Good news for Freeport-McMoRan (NYSE:FCX) investors! This morning, The Wall Street Journal reported that "the world's biggest mining companies ... are now poised to reap the rewards" of a mining market in which copper prices have surged 30%, and named Anglo American PLC, BHP Billiton Ltd, and Glencore PLC as beneficiaries of the boom.

Bad news for Freeport-McMoRan investors: Freeport isn't on that list. In fact, although Freeport-McMoRan is one of the biggest names in copper worldwide, Freeport stock just got downgraded, as analysts at Deutsche Bank removed their hold rating and downgraded Freeport stock to sell.

Here are three things you need to know about that.

Copper mine tunnel with lights

Deutsche Bank sees no light at the end of the tunnel for Freeport-McMoRan stock. Image source: Getty Images.

1. Hold no more

As reported this morning on, Deutsche has cut its rating on Freeport stock to sell. The analyst also cut its price target on Freeport-McMoRan from $14 a share to $12.50 per share.

Mind you, with Freeport selling for nearly $15 a share at the close of trading last week, Deutsche wasn't thrilled with the stock in any case. But now, the German analyst thinks Freeport stock could fall by as much as 16% over the course of this year -- and indeed, after the downgrade came out, Freeport promptly plunged nearly 6% in early Tuesday trading.

2. Big trouble in little Indonesia

Why cut Freeport stock in the face of a booming world market for copper? Because according to Deutsche, Freeport isn't going to be allowed to export its copper to the world -- or at least not as much as it would like to.

Last month, The Financial Times reported on Indonesia's ban on copper exports from Freeport's giant Indonesian Grasberg copper mine. As FT explained, Jakarta wants foreign miners to sign new mining licenses, sell majority stakes in their mining operations to local companies, and build more smelters in-country to reduce the volume of exports of raw materials outside the country, retaining more value-added profits for Indonesia. Failing to agree to these terms, Freeport will be prevented from exporting copper concentrate from the country.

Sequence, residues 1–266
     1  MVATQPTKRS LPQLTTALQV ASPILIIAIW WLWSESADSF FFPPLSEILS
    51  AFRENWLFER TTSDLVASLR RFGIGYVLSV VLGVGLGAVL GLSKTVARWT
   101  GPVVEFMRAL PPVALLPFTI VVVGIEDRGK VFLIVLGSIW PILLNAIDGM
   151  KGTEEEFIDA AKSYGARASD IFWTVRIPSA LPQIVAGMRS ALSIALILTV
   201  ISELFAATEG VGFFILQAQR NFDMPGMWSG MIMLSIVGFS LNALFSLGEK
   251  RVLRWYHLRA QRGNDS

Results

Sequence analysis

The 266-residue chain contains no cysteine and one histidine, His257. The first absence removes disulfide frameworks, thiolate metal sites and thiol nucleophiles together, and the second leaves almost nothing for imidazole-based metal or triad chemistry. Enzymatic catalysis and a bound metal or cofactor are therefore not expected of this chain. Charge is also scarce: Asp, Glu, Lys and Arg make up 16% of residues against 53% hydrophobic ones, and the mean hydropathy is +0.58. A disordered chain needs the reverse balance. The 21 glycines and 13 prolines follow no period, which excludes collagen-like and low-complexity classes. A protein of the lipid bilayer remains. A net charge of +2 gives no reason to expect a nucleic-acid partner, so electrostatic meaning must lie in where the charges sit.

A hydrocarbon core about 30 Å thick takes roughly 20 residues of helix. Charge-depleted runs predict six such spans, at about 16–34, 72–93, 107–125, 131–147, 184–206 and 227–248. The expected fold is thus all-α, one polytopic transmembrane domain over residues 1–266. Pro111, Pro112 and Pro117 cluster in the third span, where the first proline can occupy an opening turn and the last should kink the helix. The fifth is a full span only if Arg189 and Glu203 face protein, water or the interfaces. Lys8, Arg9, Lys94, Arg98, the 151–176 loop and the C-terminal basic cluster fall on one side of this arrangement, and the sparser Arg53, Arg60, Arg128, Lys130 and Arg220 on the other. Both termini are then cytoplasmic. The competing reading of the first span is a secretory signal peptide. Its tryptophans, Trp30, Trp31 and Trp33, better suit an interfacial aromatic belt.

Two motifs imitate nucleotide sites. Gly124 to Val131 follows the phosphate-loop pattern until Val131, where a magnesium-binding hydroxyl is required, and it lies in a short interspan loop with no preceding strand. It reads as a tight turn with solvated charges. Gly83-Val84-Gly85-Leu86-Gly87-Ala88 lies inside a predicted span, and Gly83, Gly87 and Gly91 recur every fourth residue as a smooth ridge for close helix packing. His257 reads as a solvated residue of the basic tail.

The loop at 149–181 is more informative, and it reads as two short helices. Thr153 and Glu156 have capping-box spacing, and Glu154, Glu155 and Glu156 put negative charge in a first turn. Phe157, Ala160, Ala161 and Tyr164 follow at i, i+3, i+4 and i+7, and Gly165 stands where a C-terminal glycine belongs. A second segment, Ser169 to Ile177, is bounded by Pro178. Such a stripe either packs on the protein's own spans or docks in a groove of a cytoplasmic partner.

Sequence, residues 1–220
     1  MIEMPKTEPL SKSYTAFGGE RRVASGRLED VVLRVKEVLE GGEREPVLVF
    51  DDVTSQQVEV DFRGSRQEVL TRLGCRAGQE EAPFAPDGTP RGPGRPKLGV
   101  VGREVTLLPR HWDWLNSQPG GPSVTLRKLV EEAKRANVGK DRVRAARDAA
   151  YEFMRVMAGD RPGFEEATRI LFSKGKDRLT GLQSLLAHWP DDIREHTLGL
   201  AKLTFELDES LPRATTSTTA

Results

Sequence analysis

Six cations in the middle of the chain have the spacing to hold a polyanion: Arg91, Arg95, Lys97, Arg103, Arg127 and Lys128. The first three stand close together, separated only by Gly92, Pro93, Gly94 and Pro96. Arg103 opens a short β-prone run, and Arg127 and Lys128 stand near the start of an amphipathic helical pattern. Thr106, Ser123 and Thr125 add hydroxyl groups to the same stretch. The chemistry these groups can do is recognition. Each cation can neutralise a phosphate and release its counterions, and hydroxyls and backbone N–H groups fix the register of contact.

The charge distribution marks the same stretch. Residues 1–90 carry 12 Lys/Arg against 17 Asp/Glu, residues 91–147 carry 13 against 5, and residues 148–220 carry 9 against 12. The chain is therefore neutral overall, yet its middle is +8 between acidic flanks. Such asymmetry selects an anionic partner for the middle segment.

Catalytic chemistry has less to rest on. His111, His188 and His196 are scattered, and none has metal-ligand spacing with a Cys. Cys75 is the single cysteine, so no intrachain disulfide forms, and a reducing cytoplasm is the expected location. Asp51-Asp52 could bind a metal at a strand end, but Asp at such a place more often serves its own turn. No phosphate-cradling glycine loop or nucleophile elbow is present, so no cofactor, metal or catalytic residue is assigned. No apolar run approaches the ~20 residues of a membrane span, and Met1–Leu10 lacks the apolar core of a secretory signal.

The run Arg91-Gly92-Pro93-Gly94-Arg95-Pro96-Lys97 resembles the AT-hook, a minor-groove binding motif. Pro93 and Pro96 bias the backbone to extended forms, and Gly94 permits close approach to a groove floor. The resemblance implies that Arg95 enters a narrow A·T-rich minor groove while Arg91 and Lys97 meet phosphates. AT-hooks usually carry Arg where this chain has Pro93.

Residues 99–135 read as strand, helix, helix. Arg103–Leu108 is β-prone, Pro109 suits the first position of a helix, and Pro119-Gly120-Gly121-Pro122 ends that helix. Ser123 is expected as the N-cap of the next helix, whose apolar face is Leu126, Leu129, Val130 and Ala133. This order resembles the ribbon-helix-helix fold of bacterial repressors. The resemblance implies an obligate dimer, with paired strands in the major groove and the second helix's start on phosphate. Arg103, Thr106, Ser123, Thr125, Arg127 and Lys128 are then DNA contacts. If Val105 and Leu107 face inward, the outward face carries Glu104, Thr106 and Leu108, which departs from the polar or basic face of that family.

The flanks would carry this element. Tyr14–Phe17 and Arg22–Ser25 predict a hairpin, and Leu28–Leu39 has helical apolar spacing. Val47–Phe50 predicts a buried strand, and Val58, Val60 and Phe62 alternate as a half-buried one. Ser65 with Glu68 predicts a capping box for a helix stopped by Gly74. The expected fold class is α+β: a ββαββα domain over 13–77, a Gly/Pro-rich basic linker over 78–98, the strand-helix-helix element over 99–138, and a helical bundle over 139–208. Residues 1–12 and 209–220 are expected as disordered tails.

3. Why this matters to Freeport

As FT goes on to explain, Grasberg is both the second-largest copper mine in the world and a low-cost producer of copper -- and Freeport-McMoRan's most important asset, to boot. Deutsche believes that in failing to reach an agreement with the Indonesian government, Freeport will be forced to cut production at Grasberg, and will delay development of the mine as well.

In Deutsche's opinion, Freeport's reduced prospects in Indonesia, alone, decrease the value of its shares by about $0.80 per share. The analyst believes other factors subtract a further $0.70 from the "net present value" of Freeport-McMoRan stock, adding up to a total reduction in target price to $12.50.

Bonus thing: The future for Freeport

Freeport-McMoRan has made some big mistakes in recent years -- first and foremost its disastrous entree to and exit from the oil exploration and production market, which according to S&P Global Market Intelligence data cost Freeport $5.7 billion in lost profit last year, and more than $24 billion in operating losses over the past three years. At high cost, Freeport has moved to extricate itself from the oil market, selling its Deepwater Gulf of Mexico to Anadarko for $2 billion in September 2016 and its onshore California oil and gas properties to Sentinel Peak Resources California LLC for at least $592 million a month later.

In contrast, Freeport is somewhat less to blame for the copper fiasco in Indonesia, which has been sparked by government interference in the business. And there may even be a silver lining to this latest gray cloud lowering over Freeport stock. According to Deutsche, the need to cut back on development of Grasberg will relieve Freeport of the need to make capital investments in the mine, "pushing out" capital expenditures by at least 18 months. At the same time, even Deutsche admits that "Grasberg is a high quality, long life, low cost asset," so what copper Freeport cannot produce today will still remain to be mined in years to come, when regulatory restrictions in Indonesia may lessen.

Meanwhile, Freeport-McMoRan remains free of the need to spend money on developing Grasberg. The company, which burned cash in 2014 and 2015, may enjoy more years like 2016, in which it generated respectable positive free cash flow (of $916 million, according to S&P Global).

Granted, with a market capitalization of more than $21 billion, I still wouldn't call Freeport-McMoRan stock a bargain at only $916 million in FCF. But it is, at the least, free cash flow positive once again. And with a little help from Indonesia, perhaps it will be able to stay that way for a little bit longer.